Photo: Dennis Van Gerven

Newly Restored Tombs Open

Seven newly restored tombs in the new kingdom cemetery at Saqqara are now open for tourists to visit including those of Tutankhamun's treasurer Maya and Horemheb who later became king himself. Other tombs open include the tomb of Meryneith who was a temple steward under during the reign of the heretic king Akhenaten.

Also open is the tomb of the royal butler Ptahemwia's who served under both Akhenaten and Tutankhamun.

Sunday, May 22, 2011

The Heart of Princess Ahmose-Meryet-Amon

 This is an interesting study which claims to have found heart disease in the 3500 year old royal mummy of the princess Ahmose-Meryet-Amon. I hesitated running this article because the pictures are not of the princess and the mummy shown probably belongs to the Ptolemaic period, not 1500bc but 200bc.

Nevertheless the study is of interest and relevant to our own understanding of health. Perhaps the missing link in the study is our lack of recipes from ancient Egypt and in particular in this case the recipes for the meals of the royal court of the early Thutmoside dynasty.

Photo:The Theban Royal Mummy Project

Saturday, May 21, 2011

Modern Cemeteries to be Removed

This is an article from Dr. Zahi Hawass on the removal of cemeteries which have been built over Pharaonic monuments including at Saqqara where new tombs have been constructed near the pyramids of Pepi I, II and Isesi. These modern cemeteries also include areas of Abusir, Mit Rahina, Lisht as well as at Luxor.

I really do not know what to make of this program I cannot help but feel some sense of doubt that all this building occurred during the recent revolution? One wonders what part of this is protection of the monuments and what part is suppression of the people and what part represents a failure of Dr. Hawass at his job?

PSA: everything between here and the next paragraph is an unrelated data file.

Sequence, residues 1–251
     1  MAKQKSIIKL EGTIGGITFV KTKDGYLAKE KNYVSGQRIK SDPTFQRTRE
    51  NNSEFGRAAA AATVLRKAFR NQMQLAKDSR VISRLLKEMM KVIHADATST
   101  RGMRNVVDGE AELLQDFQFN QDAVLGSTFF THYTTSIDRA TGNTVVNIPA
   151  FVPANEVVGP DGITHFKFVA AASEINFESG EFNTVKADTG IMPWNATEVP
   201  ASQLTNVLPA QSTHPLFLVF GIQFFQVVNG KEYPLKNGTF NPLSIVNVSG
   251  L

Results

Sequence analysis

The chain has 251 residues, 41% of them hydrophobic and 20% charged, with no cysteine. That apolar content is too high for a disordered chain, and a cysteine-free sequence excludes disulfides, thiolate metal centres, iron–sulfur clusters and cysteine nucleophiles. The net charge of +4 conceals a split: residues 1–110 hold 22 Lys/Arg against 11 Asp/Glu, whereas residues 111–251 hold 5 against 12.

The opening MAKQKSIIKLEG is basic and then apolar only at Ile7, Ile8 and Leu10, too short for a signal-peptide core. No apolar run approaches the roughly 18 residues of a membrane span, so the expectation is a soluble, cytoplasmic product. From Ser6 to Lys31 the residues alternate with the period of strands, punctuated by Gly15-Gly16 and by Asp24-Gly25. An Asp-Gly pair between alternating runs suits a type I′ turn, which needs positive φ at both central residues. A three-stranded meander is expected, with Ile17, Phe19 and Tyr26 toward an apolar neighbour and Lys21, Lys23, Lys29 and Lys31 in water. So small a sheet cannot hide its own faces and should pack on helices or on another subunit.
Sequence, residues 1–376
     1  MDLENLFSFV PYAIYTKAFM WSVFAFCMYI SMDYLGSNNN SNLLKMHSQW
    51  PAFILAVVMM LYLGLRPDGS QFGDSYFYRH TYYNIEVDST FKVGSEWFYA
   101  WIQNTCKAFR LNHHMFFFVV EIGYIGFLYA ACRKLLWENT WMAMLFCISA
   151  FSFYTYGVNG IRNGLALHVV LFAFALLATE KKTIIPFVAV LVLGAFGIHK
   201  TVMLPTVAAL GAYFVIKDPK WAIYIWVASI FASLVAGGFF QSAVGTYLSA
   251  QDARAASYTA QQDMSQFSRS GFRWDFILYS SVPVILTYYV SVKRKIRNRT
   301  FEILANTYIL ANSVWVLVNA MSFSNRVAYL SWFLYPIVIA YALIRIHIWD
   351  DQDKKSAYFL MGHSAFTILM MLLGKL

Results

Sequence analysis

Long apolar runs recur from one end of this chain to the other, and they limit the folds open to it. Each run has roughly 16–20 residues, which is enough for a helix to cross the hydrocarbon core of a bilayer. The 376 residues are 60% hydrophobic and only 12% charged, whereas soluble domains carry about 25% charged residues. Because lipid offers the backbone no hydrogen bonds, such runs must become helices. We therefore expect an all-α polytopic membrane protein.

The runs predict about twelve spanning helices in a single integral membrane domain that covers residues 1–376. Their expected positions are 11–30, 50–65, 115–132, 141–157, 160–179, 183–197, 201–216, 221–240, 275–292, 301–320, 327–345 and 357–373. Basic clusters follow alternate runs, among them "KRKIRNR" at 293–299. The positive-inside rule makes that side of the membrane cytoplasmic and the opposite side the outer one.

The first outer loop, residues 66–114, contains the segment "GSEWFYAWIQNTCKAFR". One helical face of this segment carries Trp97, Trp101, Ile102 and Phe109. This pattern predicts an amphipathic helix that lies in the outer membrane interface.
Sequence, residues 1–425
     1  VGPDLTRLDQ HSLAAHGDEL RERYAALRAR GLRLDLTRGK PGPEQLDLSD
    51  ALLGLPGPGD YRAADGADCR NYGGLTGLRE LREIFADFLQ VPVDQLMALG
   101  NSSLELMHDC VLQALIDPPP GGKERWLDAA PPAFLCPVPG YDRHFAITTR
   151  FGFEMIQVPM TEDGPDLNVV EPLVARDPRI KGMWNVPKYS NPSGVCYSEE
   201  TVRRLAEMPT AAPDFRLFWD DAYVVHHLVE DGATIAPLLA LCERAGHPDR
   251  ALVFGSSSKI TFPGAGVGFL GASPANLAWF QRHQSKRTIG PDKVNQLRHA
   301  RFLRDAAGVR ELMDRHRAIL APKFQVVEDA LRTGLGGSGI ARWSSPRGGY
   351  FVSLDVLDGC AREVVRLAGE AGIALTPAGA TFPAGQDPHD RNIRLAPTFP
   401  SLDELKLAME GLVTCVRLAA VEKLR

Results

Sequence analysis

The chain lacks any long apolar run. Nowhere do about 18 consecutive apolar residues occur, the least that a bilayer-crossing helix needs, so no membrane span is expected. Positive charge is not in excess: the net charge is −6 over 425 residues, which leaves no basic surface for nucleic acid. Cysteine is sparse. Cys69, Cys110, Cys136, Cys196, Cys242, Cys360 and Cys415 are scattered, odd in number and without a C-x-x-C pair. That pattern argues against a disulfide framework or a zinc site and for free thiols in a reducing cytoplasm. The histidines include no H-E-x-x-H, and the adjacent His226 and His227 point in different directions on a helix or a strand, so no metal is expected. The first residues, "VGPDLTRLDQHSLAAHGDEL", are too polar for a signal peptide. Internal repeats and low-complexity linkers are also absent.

Wednesday, May 11, 2011

Seized Ramesside Statue

A pink granite statue of a priest from the Ramesside period which was recently seized by Cairo police has been found to be authentic. The 56cm tall statue also depicts Osiris, Isis and a priest including a hieroglyphic inscription.

Swiss Return 5th Dynasty Stela

A Swiss museum in Basel is returning an old kingdom stela to Egypt, it is the first piece returned by the Swiss since the ouster of Egypt,s former dictator Mubarak. The stela dated to Egypt's 5th dynasty shows it's owner hunting and is more than 4000 years old.

Thursday, May 5, 2011

Madnet Madi

The archaeological site of Madnet Madi in the Fayoum has been opened after a restoration sponsored by the ministry of foreign affairs in Italy.

Wednesday, May 4, 2011

A Star Like Nefertiti

The head of Egypt's antiquities service, Dr. Zahi Hawass has once again called on the folks in Germany to hand over the bust of Nefertiti found at tell El Amarna in 1912. According to Dr. Hawass he has paperwork to prove the bust was illegally smuggled out of Egypt.

The German authorities also say they have paperwork to prove the bust was acquired legally. The bust is housed in it's own beautiful room at the newly restored Neues museum in Berlin. Anyway the issue is viewed it is clear that the bust, which is clearly a masterpiece, should have ended up in Egypt's National collection.

Having said that I would doubt that the people of the newly opened Neues museum are going to want to send their star back to Egypt. Dr. Hawass certainly must be admired for his chutzpah even if his dream of the ladies return is left as only a fantasy!

Monday, May 2, 2011

Two More Stolen Statuettes returned to Cairo Museum

Two more late period bronzes stolen from the Egyptian Museum, Cairo have been discovered and will be returned. The statues include a statue of Osiris and a statue of the god Harpocrates.

Two more statues have also been recovered of the same gods and will be returned to where they were taken?

Here pictures